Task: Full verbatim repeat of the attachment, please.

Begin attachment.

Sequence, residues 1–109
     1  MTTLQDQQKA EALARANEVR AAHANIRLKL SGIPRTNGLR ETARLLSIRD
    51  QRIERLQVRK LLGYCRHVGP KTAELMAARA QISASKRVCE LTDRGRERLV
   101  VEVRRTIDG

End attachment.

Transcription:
Sequence, residues 1–109
     1  MTTLQDQQKA EALARANEVR AAHANIRLKL SGIPRTNGLR ETARLLSIRD
    51  QRIERLQVRK LLGYCRHVGP KTAELMAARA QISASKRVCE LTDRGRERLV
   101  VEVRRTIDG